E. FEYNMAN Diagrams

The WICK theorem allows us to evaluate the exact GREEN's functions as a perturbation expansion involving expressions of free GREEN's functions $ G_{0}$ and the perturbation potential $ V$ (see Section 3.4.1). This expression can be analyzed directly in coordinate or momentum space, in time or energy domain. FEYNMAN introduced the idea of representing different contributions obtained from the WICK decomposition by drawings. These drawings, called diagrams, are very useful for providing an insight into the physical process which these terms represent. The FEYNMAN diagrams provide an illustrative way to solve the many-particle problems and the perturbation expansion of the GREEN's functions.

A diagram dictionary for electrons, which are FERMIons, and phonons, which are Bosons, are shown in Table E. Diagrams for electrons are in coordinate-time space, while phonon diagrams are in momentum-energy space. As described in Section 3.1.1, the GREEN's function can be interpreted as the creation of a particle at $ ({\bf {r'}},t')$ in space-time, the propagation of the corresponding perturbation to the point $ ({\bf {r}},t)$ in space-time, where the particle is annihilated. Hence, the full GREEN's function is represented by a double line joining these two points. The free GREEN's function is characterized by a single line.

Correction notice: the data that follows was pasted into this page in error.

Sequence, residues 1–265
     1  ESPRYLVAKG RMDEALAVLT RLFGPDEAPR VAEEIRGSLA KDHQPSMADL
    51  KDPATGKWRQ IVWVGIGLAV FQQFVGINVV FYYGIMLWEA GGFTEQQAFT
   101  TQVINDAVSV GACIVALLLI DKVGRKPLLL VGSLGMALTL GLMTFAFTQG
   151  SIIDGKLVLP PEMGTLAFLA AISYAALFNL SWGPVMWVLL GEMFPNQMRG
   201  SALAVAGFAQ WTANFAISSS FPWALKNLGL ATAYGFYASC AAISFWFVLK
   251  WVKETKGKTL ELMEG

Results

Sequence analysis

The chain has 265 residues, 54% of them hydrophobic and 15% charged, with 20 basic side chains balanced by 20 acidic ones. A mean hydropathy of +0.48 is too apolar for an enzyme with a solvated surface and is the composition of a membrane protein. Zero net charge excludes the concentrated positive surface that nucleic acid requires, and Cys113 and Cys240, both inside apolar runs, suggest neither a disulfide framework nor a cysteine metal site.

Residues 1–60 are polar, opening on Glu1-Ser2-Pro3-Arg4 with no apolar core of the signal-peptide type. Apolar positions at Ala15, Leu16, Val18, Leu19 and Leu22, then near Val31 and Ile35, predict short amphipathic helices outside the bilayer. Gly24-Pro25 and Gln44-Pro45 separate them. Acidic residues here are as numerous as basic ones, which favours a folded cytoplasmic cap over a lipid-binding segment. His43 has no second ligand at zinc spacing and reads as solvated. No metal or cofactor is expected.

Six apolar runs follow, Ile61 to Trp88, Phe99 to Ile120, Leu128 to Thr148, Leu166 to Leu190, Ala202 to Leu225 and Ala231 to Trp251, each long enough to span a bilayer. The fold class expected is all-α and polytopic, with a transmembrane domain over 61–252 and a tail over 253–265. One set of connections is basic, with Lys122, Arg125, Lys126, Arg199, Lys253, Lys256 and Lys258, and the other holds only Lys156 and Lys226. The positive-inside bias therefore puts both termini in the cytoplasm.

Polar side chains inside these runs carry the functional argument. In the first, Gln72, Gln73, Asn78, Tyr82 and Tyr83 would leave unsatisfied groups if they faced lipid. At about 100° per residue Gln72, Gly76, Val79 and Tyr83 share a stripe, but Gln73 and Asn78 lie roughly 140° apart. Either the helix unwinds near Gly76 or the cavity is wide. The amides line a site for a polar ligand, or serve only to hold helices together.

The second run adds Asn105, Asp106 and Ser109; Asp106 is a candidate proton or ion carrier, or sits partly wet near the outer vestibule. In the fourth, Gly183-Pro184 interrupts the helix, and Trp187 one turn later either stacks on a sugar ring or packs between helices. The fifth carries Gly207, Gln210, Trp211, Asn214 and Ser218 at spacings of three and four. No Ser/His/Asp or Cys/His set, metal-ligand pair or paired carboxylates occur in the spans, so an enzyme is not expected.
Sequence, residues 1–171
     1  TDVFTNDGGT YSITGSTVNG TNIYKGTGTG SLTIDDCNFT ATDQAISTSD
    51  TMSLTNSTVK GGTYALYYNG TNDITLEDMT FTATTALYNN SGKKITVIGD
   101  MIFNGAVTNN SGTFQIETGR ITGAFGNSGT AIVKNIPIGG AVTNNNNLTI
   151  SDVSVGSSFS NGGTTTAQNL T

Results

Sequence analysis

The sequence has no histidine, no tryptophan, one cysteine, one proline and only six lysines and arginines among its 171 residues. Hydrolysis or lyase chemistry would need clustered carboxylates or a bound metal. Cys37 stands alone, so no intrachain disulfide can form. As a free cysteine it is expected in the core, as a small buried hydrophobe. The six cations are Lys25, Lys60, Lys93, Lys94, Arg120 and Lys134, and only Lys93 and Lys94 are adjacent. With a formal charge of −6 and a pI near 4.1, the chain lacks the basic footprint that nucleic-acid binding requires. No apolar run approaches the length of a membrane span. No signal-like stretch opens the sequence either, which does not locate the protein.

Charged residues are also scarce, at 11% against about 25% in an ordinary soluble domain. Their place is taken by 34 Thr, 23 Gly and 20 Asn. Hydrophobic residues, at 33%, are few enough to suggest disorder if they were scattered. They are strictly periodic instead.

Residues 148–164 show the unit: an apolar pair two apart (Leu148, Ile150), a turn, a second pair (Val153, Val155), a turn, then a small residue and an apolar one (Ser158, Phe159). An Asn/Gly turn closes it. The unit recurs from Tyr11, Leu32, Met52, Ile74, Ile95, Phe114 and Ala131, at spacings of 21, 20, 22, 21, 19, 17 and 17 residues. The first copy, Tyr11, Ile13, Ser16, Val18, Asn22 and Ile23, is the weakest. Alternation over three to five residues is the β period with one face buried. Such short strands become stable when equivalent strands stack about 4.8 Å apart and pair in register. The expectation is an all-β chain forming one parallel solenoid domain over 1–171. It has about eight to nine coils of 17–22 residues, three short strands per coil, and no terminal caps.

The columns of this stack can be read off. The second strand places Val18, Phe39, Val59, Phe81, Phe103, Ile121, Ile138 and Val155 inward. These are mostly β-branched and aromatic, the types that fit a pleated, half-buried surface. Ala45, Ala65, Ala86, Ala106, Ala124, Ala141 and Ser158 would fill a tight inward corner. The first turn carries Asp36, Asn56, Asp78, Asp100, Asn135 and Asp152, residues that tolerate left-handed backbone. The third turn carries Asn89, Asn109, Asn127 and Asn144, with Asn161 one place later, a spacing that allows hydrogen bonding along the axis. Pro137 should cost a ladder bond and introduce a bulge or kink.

The COULOMB potential is represented by a wavy line with two inputs and outputs which can be coupled together to describe a self-interaction. The COULOMB interaction is assumed to be instantaneous. It is convenient to consider the inter-particle potential as a static instantaneous potential proportional to a delta function $ \delta_{t_{1},t_{2}}$.

Intermediate variables describe events taking place between the two space-time arguments of the GREEN's function, but without any constraints for exact time or place. The overall amplitude involves an integration over these variables. Each time a FERMIon loop appears, the perturbation expression corresponding to this FEYNMAN diagram must be multiplied by a factor $ -1$.

Electrons can also interact with phonons. For phonons it is more convenient to work in the momentum-energy rather than in the space-time domain. Diagrams concerning a free phonon GREEN's functions and the interaction between electrons and phonons are also shown in Table E. The factor $ M_{{\bf {q}}}$ refers to the electron-phonon interaction matrix elements.

Table E.1: Feynman Diagrams for electrons (FERMIons) and phonons (Bosons).
$ i\hbar
G({\bf {r}},t;{\bf {r'}},t')$
Full GREEN's function
$ i\hbar G_{0}({\bf {r}},t;{\bf {r'}},t')$
Free GREEN's function
$ -iV({\bf {r_{1}}},{\bf {r_{2}}})/\hbar$
COULOMB interaction
$ \displaystyle\int{\bf {r_{1}}}\int t_{1}$
Intermediate variable(s)
Factor $ -1$
Any FERMIon loop
$ i\hbar D_{0}({\bf {q}};\omega)$
Free phonons
$ -iM_{q}/\hbar$
Electron-phonon interaction

M. Pourfath: Numerical Study of Quantum Transport in Carbon Nanotube-Based Transistors